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|Workers Win: The Election and the Employee Free Choice Act|
|Written by David Bonior|
America’s workers won on election night. Despite an extraordinary $20 million spent in nine battleground states to defeat candidates who support the Employee Free Choice Act, voters soundly rejected this misleading anti-union campaign from corporate interests and overwhelmingly backed candidates who support working families.
Throughout this historic campaign season, the economy has been the most dominant issue on the minds of American voters. But as the middle class bore the burden of this struggling economy, corporate interest groups have vigorously fought to mislead the public on the Employee Free Choice Act – a reasonable legislative proposal that would help restore balance in this economy by making it easier for workers to form unions.
No matter how hard corporate interests tried to dupe the voters, it just didn’t work. State by state, millions were spent, but the fact remains the Employee Free Choice Act never became the wedge issue corporate interests sought. In fact, not only did the opponents of the Employee Free Choice Act fail to affect these races, often those candidates supporting the bill steadily rose in the polls despite massive advertising on the issue.
In Colorado, Senator-elect Mark Udall withstood millions of dollars of negative advertising, including three months of ads against his support of the bill. His final margin was three points higher than where he had been in the polls when the ads began.
The day after Oregon Senator-elect Jeff Merkley won his primary, ads started airing to attack his support for the bill, and anti-worker forces spent almost $1 million to defeat him. As the ads continued, Merkley rose steadily in the polls.
In New Hampshire, Senator-elect Jeanne Shaheen was one of the first candidates to face anti Employee Free Choice Act advertising. Despite spending $1.5 million in the tiny state of New Hampshire, the bill’s opponents failed to have an impact in this race.
The following poll completed by Peter D. Hart Research Associates shows that anti-union advertising was among the least important factors voters used in determining their choices for Senate. This poll even demonstrates that the ads’ most prevalent, albeit inaccurate, line of attack on the legislation—that the candidates favor “eliminating secret ballots in union elections”—only registered with a very small group of voters. Not only did voters ignore these ads, they remained twice as likely to be concerned with the power of corporations, than with the power of unions.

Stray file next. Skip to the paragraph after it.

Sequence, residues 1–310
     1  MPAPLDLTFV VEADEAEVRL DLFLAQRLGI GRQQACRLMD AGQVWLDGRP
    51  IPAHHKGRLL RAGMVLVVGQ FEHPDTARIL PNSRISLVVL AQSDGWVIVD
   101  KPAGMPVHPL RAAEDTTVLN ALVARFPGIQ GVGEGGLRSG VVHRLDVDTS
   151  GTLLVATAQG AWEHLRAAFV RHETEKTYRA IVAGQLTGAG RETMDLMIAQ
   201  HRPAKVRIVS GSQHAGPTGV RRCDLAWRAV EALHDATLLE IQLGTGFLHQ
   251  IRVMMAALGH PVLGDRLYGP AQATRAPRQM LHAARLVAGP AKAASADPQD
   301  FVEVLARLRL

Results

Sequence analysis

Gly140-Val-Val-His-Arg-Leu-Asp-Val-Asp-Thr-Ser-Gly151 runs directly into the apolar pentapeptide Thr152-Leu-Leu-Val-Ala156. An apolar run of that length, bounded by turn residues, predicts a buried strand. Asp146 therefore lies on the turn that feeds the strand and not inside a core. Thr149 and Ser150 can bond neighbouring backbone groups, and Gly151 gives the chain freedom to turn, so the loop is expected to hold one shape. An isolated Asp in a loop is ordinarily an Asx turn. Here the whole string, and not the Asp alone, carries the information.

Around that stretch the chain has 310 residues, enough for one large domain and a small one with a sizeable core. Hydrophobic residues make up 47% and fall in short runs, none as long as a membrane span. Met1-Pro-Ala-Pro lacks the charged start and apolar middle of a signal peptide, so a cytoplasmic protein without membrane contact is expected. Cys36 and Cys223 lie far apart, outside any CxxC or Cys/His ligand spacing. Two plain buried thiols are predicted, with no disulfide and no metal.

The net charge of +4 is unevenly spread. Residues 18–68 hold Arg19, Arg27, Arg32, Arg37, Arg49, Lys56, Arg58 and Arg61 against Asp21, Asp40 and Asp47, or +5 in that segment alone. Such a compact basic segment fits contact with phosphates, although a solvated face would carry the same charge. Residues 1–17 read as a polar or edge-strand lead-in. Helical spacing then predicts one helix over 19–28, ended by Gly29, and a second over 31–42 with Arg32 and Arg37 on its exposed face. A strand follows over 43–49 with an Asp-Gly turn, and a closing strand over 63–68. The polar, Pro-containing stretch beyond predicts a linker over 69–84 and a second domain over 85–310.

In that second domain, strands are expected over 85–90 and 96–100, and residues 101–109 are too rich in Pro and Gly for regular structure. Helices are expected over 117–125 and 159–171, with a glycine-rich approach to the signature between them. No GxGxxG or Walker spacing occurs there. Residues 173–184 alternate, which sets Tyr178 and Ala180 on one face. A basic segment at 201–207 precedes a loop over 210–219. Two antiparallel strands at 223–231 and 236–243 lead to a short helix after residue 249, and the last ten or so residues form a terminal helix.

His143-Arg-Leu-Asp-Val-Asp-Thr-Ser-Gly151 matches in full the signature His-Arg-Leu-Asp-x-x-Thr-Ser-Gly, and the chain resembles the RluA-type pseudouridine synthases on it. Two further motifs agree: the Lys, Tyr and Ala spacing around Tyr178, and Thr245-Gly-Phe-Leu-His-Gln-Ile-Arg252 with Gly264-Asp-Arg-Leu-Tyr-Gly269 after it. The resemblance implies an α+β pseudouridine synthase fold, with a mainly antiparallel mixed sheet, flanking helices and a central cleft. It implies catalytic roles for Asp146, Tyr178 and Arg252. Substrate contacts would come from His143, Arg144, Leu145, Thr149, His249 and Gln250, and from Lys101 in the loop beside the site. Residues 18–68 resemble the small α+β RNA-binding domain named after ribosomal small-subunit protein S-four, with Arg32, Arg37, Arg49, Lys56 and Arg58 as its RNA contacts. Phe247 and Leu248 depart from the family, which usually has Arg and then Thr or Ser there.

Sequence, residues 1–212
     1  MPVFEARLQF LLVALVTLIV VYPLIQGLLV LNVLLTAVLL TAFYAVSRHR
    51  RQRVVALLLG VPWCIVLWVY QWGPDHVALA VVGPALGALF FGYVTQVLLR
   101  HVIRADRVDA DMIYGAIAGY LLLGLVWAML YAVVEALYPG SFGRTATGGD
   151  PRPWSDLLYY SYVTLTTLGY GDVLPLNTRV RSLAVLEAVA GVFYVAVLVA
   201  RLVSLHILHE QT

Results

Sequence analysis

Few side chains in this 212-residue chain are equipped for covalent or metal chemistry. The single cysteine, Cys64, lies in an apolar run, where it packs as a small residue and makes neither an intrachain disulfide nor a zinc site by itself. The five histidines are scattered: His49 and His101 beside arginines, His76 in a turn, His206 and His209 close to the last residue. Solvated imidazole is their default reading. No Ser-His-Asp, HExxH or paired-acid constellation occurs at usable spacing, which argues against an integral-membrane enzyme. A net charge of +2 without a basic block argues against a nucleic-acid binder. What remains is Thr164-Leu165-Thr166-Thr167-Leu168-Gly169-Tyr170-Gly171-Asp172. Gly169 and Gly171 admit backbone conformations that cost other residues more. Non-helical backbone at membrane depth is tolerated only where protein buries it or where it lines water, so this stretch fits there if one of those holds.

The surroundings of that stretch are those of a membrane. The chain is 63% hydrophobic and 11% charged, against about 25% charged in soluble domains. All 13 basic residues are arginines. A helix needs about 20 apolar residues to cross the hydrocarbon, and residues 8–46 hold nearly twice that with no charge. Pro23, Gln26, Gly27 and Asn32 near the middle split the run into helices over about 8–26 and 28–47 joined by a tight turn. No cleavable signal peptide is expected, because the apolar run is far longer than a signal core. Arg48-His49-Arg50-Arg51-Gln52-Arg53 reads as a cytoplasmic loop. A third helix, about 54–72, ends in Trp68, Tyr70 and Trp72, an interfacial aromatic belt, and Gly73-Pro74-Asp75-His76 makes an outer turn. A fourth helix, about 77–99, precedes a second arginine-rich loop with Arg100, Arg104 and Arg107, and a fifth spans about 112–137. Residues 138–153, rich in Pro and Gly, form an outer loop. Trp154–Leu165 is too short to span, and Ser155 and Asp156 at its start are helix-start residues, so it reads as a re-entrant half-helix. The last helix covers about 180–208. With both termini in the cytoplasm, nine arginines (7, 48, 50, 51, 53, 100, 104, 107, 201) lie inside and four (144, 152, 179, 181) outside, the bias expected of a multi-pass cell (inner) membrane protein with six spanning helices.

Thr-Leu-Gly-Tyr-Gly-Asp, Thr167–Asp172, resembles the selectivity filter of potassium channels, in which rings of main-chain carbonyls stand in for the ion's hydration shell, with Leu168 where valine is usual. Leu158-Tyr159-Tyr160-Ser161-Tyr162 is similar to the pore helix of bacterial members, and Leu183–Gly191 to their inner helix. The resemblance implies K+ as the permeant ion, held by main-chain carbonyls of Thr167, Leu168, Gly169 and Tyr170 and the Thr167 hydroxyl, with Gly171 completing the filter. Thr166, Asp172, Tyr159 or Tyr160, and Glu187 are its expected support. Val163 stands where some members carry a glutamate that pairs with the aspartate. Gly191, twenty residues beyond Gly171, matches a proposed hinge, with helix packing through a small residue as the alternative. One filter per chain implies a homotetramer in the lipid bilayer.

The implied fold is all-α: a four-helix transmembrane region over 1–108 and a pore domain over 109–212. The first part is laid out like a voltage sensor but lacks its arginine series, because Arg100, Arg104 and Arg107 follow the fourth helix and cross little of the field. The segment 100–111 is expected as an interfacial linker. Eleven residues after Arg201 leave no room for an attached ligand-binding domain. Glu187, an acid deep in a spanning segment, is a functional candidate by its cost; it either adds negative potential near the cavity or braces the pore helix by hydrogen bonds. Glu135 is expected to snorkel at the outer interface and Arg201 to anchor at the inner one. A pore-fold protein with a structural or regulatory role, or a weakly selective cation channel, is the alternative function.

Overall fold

What is more, a majority of voters indicated that they continue to support making it easier for workers to join unions. Sixty percent of voters believe that, even in these tough economic times, it is important to pass the Employee Free Choice Act, and nearly one-third (31%) of voters strongly believe it should be a priority for Congress.
President-elect Barack Obama has already signaled his strong support of the measure: “I've fought to pass the Employee Free Choice Act in the Senate. And I will make it the law of the land when I'm President of the United States of America” (Philadephia, 4/2/08). Newly-elected Senators Kay Hagen, Mary Landrieu, Jeff Merkley, Jeanne Shaheen, and Mark Udall also voiced their strong support for the bill despite the millions of dollars spent in a misleading campaign waged against them for standing up for working families.
Without a doubt, there will be more sound and fury from opponents of this bill, but the election made it clear, and the following poll provides even more evidence of public support for the legislation. In our current economic climate, the American public is hungry for measures to strengthen the middle class, and our new Congress should heed this call and make passing the Employee Free Choice Act a priority.
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|Employee Free Choice Act|
|Allies Taking Action|
A growing, bipartisan coalition of policymakers supports the Employee Free Choice Act, federal legislation that would ensure workers have a free choice and a fair chance to form a union.
32%of workers lack a collective bargaining agreement one year after voting for union representation, due to weak labor law enabling employers to avoid bargaining with employees.